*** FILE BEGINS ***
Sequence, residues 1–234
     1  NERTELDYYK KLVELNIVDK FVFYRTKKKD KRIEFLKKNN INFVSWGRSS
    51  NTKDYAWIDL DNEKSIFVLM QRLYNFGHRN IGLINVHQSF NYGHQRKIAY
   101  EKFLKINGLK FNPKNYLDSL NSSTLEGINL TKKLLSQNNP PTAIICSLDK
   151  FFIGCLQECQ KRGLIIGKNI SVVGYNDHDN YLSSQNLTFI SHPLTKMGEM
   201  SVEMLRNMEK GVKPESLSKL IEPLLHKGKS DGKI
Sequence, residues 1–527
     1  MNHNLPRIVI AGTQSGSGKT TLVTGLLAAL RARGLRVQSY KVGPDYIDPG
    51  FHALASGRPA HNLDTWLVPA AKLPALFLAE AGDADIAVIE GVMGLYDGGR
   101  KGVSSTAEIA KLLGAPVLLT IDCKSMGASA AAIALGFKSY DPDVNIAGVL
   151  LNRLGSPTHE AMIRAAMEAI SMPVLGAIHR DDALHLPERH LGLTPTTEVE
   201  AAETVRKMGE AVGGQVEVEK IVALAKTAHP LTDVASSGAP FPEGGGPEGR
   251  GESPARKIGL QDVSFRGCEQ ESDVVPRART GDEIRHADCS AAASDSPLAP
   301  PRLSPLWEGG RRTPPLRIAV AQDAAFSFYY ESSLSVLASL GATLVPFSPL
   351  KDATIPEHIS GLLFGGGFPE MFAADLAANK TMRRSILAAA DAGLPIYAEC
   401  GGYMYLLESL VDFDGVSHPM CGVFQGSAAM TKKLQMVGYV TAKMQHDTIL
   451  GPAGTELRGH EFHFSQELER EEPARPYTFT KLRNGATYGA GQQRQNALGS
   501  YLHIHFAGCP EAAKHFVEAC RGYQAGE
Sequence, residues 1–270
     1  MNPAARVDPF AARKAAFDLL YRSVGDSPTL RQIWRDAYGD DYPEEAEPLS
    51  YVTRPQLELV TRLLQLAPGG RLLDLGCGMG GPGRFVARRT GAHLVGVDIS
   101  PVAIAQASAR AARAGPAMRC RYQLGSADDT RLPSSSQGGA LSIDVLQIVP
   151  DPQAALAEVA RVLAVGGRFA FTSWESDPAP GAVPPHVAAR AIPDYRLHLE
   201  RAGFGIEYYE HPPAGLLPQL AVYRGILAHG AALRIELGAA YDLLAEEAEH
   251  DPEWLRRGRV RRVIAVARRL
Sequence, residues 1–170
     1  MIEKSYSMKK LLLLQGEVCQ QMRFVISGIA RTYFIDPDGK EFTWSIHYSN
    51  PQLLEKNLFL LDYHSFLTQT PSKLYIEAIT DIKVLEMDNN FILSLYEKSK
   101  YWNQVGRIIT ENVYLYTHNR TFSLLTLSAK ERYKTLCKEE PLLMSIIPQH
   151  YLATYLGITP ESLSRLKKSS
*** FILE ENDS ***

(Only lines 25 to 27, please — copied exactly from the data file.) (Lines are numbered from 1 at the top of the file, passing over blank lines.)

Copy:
   251  DPEWLRRGRV RRVIAVARRL
Sequence, residues 1–170
     1  MIEKSYSMKK LLLLQGEVCQ QMRFVISGIA RTYFIDPDGK EFTWSIHYSN